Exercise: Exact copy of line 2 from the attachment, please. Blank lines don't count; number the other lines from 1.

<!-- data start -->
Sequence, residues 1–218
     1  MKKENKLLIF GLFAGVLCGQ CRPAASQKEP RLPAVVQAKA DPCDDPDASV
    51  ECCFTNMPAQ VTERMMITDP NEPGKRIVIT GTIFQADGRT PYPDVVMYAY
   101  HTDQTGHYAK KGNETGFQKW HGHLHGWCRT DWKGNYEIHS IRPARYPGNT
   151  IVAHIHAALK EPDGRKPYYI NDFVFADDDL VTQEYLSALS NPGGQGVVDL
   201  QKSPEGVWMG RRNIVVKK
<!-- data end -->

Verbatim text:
     1  MKKENKLLIF GLFAGVLCGQ CRPAASQKEP RLPAVVQAKA DPCDDPDASV